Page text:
Mr. Miller-El's case confronted the court with the question of how blatantly jury selection may be guided by race before it runs afoul of the Constitution. Prosecutors in Dallas, where Mr. Miller-El was prosecuted for a vicious murder, had a history of trying to keep blacks from jury service. A training manual in the 1960s instructed them not to "take Jews, Negroes, Dagos, Mexicans or a member of any minority race on a jury, no matter how rich or how well educated." Such policies were no longer written down when Mr. Miller-El went on trial in 1986, but they lived on. ... The machinations in Mr. Miller-El's case, as the high court has now found, were obvious. Prosecutors, Justice David H. Souter writes, questioned black potential jurors differently from whites and shuffled the roster to push blacks further back in the line of eligibility. Of 11 who were nonetheless deemed qualified, prosecutors then struck 10 using peremptory challenges.

...

[T]his ruling sends a strong message to prosecutors and lower courts alike that such manipulations are not tolerable.

(Washington Post, June 14, 2005).

Dallas Morning News

The record shows that Mr. Miller-El, who is black, got a raw deal at trial. Prosecutors used various tricks to effectively eliminate 91 percent of blacks in his jury pool.

District Attorney Bill Hill's office can't be surprised at the ruling, considering that the court had telegraphed this punch. In an earlier round on this case, the court branded the district attorney's office of 20 years ago as "suffused with bias."

...

[P]rotecting one man's right to trial by a jury of peers protects us all.

...

Their long wait for justice in the case is a result of prosecutorial shenanigans that were only shrewd in the short term. A solid justice system is built on a far broader foundation.

(Dallas Morning News, June 14, 2005).
 
Houston Chronicle

In the manner of a long-suffering parent faced with a disingenuously obstreperous child, the U.S. Supreme Court on Monday told the 5th U.S. Circuit Court of Appeals — one more time — how wrong it was in interpreting yet another major principle in capital-punishment cases.

Racial discrimination in jury selection, no matter how Texas prosecutors tried to hide the ugly practice, is unconstitutional, the court ruled, reversing an almost 20-year-old murder conviction from Dallas County.

...

"It blinks reality" to find that prospective black jurors were struck by prosecutors for any reason other than their race, the court said. The Texas Court of Criminal Appeals' finding otherwise was "wrong to a clear and convincing degree." The state court's "conclusion was unreasonable as well as erroneous."

...

Texas' full-throated resort to the death penalty demands that all procedures pertaining to this maximum punishment be applied with the utmost, unquestioned prosecutorial integrity and that those operations are reviewed by courts that can acknowledge what may be going on.

(Houston Chronicle, June 14, 2005).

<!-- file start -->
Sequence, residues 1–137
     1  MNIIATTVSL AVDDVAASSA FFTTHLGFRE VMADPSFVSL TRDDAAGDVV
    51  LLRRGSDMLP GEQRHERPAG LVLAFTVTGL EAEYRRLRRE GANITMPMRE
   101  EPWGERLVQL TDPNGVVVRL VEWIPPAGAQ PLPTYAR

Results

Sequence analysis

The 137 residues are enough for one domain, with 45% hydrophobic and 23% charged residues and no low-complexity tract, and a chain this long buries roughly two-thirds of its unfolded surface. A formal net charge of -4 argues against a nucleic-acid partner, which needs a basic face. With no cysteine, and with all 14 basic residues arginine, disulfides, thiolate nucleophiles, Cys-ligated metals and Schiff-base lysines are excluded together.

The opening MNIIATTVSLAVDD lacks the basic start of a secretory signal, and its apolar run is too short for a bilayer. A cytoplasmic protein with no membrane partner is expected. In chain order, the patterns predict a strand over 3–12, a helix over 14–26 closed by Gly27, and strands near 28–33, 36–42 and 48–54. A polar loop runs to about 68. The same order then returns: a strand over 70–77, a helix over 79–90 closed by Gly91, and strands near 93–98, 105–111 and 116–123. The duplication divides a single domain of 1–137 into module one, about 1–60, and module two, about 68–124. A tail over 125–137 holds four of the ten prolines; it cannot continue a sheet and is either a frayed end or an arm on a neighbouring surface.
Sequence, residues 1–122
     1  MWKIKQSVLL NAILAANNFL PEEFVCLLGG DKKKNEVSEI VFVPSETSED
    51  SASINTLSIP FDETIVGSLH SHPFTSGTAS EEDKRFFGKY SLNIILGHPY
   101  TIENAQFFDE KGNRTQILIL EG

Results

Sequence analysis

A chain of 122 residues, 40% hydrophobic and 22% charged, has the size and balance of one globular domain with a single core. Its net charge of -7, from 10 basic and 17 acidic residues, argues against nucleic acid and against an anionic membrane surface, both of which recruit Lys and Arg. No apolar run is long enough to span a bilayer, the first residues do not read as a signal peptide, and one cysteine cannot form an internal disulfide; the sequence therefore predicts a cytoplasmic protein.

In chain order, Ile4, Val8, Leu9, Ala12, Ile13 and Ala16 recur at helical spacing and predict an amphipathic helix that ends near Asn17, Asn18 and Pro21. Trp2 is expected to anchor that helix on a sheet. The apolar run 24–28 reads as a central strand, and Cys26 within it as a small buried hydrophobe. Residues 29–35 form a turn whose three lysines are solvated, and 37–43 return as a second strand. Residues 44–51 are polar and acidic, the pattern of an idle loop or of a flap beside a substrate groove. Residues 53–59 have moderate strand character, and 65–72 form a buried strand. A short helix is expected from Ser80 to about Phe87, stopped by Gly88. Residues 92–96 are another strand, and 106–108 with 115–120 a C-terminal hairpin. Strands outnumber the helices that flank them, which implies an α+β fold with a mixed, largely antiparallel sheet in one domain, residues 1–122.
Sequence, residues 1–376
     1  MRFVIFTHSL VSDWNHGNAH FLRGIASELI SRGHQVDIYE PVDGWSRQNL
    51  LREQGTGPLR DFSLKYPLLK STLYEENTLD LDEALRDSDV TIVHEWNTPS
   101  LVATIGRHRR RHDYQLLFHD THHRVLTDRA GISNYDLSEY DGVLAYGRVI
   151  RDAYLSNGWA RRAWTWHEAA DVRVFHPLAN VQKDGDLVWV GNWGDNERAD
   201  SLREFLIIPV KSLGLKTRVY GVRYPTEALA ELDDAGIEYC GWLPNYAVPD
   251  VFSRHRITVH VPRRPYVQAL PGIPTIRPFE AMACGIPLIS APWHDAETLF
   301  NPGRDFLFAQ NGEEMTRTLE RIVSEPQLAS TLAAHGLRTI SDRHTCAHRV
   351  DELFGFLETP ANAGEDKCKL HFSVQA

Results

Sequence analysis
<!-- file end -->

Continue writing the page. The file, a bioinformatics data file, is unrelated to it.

The Washington Post Urges Maryland to Continue Moratorium

In an editorial responding to Maryland's death penalty study that revealed racial and geographic bias in how the state applies capital punishment, the Washington Post urged Governor-elect Robert Ehrlich to reconsider plans to abandon the state's moratorium on executions:

Maryland Gov.-elect Robert L. Ehrlich Jr. promised to lift his state's moratorium on executions regardless of what scholars at the University of Maryland found concerning the influence of race and geography on the imposition of the death penalty. He should have waited, and maybe now he will reconsider. For the report, requested by Gov. Parris N. Glendening -- who froze executions while the study was underway -- makes clear that capital punishment is applied in a fashion that sends a deeply corrosive message: Maryland cares more -- a great deal more -- about the deaths of white people, particularly when killed by black people, than it does about the deaths of blacks. If Mr. Ehrlich carries out his promise, he will be saying, in effect, that this doesn't bother him.

Mr. Ehrlich has said that the study won't affect his decision, because he means to review death sentences rigorously on a case-by-case basis. But that misses the point. These data demonstrate that a given case can be rock solid and still be no more worthy of death than one in which capital punishment was never even sought. It is possible, in other words, for the state to be both rigorous and discriminatory. Is this really the Maryland that Mr. Ehrlich wants?

(Washington Post, January 8, 2003)

From The Indiana Journal Gazette

And to our everlasting shame, the punishment falls disproportionately upon poor, black defendants than on whites. Society isn't protected. Ask yourself. Do you feel safer with Gary Burris dead? Executed two years ago by lethal injection, Burris was the most recent of six men put to death in Indiana since the Supreme Court reinstated the death penalty in 1977. But if the state hadn't killed Burris, it would have kept him in prison the rest of his life. Indiana now permits courts to sentence the most violent criminals to life in prison - wihtout the possibility of parole....For most lawmakers, it would take a lot of courage to admit the futility and inherently cruel nature of executions and reverse themselves. Surely Sen. Mills isn't the only one in the legislature with that kind of courage.

(Indiana Journal Gazette, 2/3/99)